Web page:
The Channel logo


By | Cade Metz 13th November 2009 23:10

Google Docs set for 'get rid of' Office moment

Only a year away. Says Google

By next year, Google says, its web-happy word processor will be so effective, most enterprises will be able to "get rid of [Microsoft] Office."

Speaking with ZDNet Asia, Dave Girouard - president of Google's enterprise division - admitted that Docs isn't up to snuff at the moment, calling it "much less mature" than Google Mail or Calendar. He acknowledged it's "not perfect" at handling third-party document formats, but insisted it "will get there."

He even went so far as to say that until it improves, he wouldn't actually ask anyone to switch from Microsoft. "We know [Docs is less mature]," he said. "We wouldn't ask people to get rid of Microsoft Office and use Google Docs because it is not mature yet."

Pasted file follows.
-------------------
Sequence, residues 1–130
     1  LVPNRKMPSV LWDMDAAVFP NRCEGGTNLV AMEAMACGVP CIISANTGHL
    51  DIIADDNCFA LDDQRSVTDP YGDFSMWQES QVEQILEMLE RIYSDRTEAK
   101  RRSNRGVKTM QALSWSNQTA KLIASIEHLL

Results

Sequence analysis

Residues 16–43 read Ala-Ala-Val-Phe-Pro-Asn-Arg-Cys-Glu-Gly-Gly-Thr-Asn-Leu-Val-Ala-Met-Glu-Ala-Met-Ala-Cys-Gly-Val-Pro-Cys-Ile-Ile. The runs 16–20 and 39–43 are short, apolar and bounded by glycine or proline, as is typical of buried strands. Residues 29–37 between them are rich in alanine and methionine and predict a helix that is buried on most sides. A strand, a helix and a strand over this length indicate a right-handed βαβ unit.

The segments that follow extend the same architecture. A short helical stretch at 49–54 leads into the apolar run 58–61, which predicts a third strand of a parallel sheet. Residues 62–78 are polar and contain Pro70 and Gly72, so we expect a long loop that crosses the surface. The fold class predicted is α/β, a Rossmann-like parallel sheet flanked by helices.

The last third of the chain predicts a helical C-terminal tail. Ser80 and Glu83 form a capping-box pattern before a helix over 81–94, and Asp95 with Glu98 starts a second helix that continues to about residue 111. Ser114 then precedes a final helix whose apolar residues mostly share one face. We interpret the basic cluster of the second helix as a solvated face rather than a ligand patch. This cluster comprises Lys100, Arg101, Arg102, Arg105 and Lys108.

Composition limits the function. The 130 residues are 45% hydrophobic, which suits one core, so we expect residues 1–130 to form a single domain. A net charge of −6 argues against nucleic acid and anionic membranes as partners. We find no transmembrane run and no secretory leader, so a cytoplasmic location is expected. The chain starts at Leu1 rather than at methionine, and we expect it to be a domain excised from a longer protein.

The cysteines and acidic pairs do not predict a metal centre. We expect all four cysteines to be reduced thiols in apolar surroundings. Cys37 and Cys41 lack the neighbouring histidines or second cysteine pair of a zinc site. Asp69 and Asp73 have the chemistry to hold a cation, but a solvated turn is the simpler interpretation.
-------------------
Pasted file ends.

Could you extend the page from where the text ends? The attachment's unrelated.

But he insists this will soon change. The company has "thirty to fifty" - yes, thirty to fifty - updates planned for its online processor in the coming year. Apparently, these include new features as well as performance enhancements.

These enhancements will allow most enterprises to give Microsoft the boot. But he was kind enough to say that some will refrain from doing so. "I don't think Office will entirely disappear," he said.

But he did say that Office will become some sort of specialized offering for people who need stuff above and beyond the norm. It'll be the Photoshop of word processors, he said. According to Girouard, Microsoft Office is "an overkill tool for most people."

Google did not immediately respond to our request for comment on Gorouard's comments. ®

comment icon Read 38 comments on this article alert Send corrections


Frank Jennings

What do you do? Use manual typwriters or live in a Scottish croft? Our man advises
A rusty petrol pump at an abandoned gas station. Pic by Silvia B. Jakiello via shutterstock

Trevor Pott

Among other things, Active Directory needs an overhaul
Baby looks taken aback/shocked/affronted. Photo by Shutterstock

Kat Hall

Plans for 2 million FTTP connections in next four years 'not enough'
Microsoft CEO Satya Nadella


League of gentlemen poster - Tubbs and Edward at the local shop. Copyright BBC
One reselling man tells his tale of woe